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You are here:  Home    News     Birdsong falls silent

Birdsong falls silent

article date: Friday, May 29, 2009

ref: 329

Glyn Jones, Acting Chief Executive of Digital One has expressed regret at the closure of the company’s world-famous Birdsong Channel on Sunday night. “When the channel went on air, back in January 2008, we warned that the transmission could cease at any time. There’s never going to be a good time to pull the plug on what some regard as a national treasure, but we’re hoping that at this time of year many people will find an alternative simply by opening a window or taking a walk in the park or countryside.”

Listeners who are not able to access performances by live birds can click here
to listen to the Birdsong, which will continue online at least until the autumn of 2009. The recording was previously used in 1992 as the part of the test transmissions for Britain’s most listened to commercial radio station, Classic FM.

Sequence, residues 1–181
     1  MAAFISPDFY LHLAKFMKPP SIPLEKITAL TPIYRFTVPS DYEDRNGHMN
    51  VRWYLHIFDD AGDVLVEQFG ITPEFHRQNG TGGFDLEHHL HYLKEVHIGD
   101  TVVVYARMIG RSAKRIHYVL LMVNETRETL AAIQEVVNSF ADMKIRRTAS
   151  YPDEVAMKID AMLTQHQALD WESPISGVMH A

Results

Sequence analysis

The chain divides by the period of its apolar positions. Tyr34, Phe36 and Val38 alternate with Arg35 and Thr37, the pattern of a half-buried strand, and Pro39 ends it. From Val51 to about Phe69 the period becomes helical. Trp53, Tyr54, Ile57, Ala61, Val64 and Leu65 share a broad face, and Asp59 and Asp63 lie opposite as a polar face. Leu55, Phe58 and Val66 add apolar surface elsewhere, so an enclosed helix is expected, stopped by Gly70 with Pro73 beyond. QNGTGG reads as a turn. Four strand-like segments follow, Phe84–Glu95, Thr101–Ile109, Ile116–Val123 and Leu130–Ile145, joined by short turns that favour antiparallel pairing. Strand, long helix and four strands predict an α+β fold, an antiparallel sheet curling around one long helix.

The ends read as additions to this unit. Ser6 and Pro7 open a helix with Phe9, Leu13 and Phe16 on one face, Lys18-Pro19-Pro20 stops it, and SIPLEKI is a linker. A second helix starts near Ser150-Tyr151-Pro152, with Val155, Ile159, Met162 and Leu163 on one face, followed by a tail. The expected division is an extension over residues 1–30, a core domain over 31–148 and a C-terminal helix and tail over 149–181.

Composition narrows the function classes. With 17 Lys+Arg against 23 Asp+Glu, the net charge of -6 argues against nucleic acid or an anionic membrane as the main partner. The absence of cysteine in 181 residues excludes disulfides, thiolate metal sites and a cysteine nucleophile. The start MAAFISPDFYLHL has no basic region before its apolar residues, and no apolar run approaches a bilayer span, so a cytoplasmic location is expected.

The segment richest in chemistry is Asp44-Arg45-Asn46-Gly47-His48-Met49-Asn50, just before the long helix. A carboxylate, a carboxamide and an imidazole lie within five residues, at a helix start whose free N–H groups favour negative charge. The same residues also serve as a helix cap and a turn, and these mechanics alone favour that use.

“Birdsong has been more popular with journalists than real listeners”, Glyn Jones added. Stories about the station have appeared in most of the UK’s national newspapers but also on television, radio and in papers around the world. “Many journalists have suggested that as many as half a million people listen to Birdsong each week. But sadly, there’s no evidence for that as the channel's audience has never been measured. But it’s been a lovely story on slow news days and loads of fun.”

More information about the Birdsong Channel is available at the Radio Birdsong website.

Digital One is not prepared to comment on a suggestion that the sound of a shotgun was heard on the channel shortly before Birdsong closed down at 23:59:59 on the 31 May 2009. The company is also not commenting about pressure from online petitions for Birdsong Radio to be restored.

Amazing Radio launched on Digital One a few seconds after the birds fell silent.

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